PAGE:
Presentation is loading. Please wait.

Presentation is loading. Please wait.

Strategic Management in Action Ch. 6 Andrew Etlinger Ashley Harris Blake Green David Styers Carolynn Schnaubelt.

Similar presentations


Presentation on theme: "Strategic Management in Action Ch. 6 Andrew Etlinger Ashley Harris Blake Green David Styers Carolynn Schnaubelt."— Presentation transcript:

1 Strategic Management in Action Ch. 6 Andrew Etlinger Ashley Harris Blake Green David Styers Carolynn Schnaubelt

2 Competitive Advantage Competitive Advantage is a key concept in strategic management “Getting it and keeping it what managing is all about” Competitive Advantage- when an organization does something that others cant or does it better than others do (distinctive capability). Or, an organization has something that other competitors don’t (unique resources)

3 Understanding Competition Competition- occurs when organizations battle or vie for some desired object or outcome, typically customers, market share, survey rankings, or needed resources What competition might an organization face?

4 Who are competitors? There are three approaches to defining an organization’s competition – Industry – Market – Strategic Groups

5 Industry Approach and Market Approach Industry: Identifies competitors who make the same or very similar goods and services Example: video rental industry, automobile industry, credit card industry, or the spa industry Market: Identifies competitors who offer the same customer needs Example: Entertainment Industry

6 Strategic Groups Approach Identifies not only a firms competitors but shows which are most relevant Based on the Strategic Groups covered in Ch.3 Figure 6.2

7 Competitive Strategy Organizations attempt to create a sustainable competitive advantage. An organization does this by using its competitive strategy, which is based on the competitive advantages that the firm has developed. Examples: Netflix

8 Approaches to Defining Competitive Strategy Miles & Snow’s Adaptive Strategies – Prospector Strategy – Defender Strategy – Analyzer Strategy – Reactor Strategy Porter’s Generic Competitive Strategies – Cost Leadership Strategy – Differentiation Strategy – Focus Strategy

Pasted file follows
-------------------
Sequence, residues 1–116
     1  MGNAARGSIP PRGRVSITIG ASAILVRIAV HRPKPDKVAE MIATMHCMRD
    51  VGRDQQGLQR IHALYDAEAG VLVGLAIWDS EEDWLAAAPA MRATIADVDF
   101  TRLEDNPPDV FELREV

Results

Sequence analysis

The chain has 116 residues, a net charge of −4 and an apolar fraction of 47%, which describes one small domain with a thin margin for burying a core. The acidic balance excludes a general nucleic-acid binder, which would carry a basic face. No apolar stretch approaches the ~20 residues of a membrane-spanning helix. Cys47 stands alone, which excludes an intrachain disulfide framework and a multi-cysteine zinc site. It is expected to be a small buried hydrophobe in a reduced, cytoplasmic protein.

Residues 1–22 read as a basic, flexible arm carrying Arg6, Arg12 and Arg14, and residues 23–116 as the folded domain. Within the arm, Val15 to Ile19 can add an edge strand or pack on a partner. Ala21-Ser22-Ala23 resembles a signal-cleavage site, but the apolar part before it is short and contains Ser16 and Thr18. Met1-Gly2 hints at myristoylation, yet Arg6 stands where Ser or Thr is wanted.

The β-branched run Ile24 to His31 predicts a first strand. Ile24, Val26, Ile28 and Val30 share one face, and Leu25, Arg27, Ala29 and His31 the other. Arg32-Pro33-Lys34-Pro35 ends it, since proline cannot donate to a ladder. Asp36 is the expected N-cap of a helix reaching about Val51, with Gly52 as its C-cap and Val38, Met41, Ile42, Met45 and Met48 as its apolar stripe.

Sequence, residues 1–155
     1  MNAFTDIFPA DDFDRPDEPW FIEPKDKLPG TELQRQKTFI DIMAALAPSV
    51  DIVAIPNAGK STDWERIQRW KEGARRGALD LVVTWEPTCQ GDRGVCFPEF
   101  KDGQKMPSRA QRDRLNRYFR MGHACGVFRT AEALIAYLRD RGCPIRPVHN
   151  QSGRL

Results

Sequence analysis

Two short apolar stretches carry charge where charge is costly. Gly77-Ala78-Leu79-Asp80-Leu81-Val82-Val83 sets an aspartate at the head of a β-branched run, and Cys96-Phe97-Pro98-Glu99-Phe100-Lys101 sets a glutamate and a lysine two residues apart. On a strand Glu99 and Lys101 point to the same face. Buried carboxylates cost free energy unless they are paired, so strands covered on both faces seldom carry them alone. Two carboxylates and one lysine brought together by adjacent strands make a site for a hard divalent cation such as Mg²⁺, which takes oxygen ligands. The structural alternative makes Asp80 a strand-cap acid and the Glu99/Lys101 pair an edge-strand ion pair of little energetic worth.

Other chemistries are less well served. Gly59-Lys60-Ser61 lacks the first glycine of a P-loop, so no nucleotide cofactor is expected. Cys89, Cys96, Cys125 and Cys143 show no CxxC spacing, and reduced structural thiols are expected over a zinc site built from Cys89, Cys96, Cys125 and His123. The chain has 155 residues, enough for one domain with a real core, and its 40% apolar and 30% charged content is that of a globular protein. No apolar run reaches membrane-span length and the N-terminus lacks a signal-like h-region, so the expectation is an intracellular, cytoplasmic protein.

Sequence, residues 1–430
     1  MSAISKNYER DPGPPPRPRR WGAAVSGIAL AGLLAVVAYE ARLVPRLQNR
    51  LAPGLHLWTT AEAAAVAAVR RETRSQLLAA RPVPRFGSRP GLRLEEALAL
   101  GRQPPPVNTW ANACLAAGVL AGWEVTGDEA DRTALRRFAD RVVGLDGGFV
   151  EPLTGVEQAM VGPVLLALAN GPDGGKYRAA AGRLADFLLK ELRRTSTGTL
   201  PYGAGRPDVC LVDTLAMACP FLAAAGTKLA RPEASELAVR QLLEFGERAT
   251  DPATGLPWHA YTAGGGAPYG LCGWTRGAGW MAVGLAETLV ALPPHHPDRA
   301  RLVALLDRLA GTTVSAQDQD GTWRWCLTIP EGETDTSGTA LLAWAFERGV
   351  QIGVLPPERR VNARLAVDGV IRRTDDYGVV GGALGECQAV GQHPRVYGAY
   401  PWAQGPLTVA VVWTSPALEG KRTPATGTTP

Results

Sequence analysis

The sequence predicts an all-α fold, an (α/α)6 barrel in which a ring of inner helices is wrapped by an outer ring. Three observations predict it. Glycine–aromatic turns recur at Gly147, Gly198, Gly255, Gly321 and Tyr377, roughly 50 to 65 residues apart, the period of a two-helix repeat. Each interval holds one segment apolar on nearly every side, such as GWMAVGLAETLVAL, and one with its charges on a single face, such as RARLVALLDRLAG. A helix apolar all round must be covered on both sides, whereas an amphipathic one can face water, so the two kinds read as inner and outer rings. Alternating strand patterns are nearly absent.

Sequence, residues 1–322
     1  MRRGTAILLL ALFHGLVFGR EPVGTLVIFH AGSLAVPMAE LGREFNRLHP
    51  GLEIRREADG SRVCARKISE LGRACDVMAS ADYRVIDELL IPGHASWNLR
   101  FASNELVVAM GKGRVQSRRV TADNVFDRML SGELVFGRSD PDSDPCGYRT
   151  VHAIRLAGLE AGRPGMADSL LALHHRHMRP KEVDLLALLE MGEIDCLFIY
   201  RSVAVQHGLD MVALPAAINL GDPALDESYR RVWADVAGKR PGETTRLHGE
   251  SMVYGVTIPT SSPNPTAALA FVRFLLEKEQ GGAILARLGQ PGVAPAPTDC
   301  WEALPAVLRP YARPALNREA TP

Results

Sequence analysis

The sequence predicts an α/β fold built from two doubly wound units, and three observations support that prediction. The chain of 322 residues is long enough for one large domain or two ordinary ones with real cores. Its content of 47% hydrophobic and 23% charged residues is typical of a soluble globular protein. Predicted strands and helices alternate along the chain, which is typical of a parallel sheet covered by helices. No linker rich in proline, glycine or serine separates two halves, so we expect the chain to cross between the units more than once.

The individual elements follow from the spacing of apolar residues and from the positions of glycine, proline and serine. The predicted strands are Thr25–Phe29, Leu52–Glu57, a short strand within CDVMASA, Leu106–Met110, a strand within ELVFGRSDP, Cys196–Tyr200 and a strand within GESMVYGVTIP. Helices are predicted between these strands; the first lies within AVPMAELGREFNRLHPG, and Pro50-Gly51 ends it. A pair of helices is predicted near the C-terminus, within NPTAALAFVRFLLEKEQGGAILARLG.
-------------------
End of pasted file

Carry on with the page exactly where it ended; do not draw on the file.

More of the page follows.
9 Miles & Snow’s Adaptive Strategies Prospector Strategy- an organization that continually innovates by finding and exploiting new product and market opportunities. – Constantly innovating, developing, and testing new products. – Creates uncertainty for the prospector’s competitors because they never know what to expect next. – Examples: Fox Broadcasting Network & MTV

10 Miles & Snow’s Adaptive Strategies (Cont.) Defender Strategy- used to protect current market share by emphasizing existing products and producing only a limited product line. – Prevent competitors from stealing ideas from their company. Analyzer Strategy- strategy of analysis and imitation. Analyzers look for and copy the ides of successful prospectors. – Ex. Suave Shampoo and skin care

11 Miles & Snow’s Adaptive Strategies (Cont.) Reactor Strategy- characterized by the lack of a coherent strategic plan or apparent means of competing. – Reactors react to environmental changes and make adjustments only when finally forced to do so by environmental pressures. – Can be thought of as a “default” strategy because it is not a recommended competitive strategy for developing competitive advantage.

12 Porter’s Generic Competitive Strategies Porter believes competitive advantage can only come from 2 sources: – Having the lowest costs in the industry – Possessing significant and desirable differences from competitors. Cost Leadership Strategy- an organization strives to have the lowest costs in its industry and produces products for a broad customer base. – Main objective is to keep costs as low as possible. – Ex. Wal-Mart

13 Porter’s Generic Competitive Strategies Differentiation Strategy- an organization competes by providing unique products with features that customers value, perceive as different, and are wiling to pay a premium for. – Try to create brand loyalty: when customers consistently seek out, purchase, and use a particular brand. – Ex. Pottery barn used to be unique in their industry.

14 Focus Strategy It’s when an organization pursues either a cost of differentiation advantage but within a limited (narrow) customer group or segment. There are three broad ways to segment specialized market niches: – Geographical – Type of customer – Product line segment What’s involved in a focus strategy? – Cost focuser competes by having lower costs than the overall industry cost leader in specific and narrow niches. – Differentiation focuser uses whatever forms of differentiation the broad differentiator might use and specializes in one or a few segments.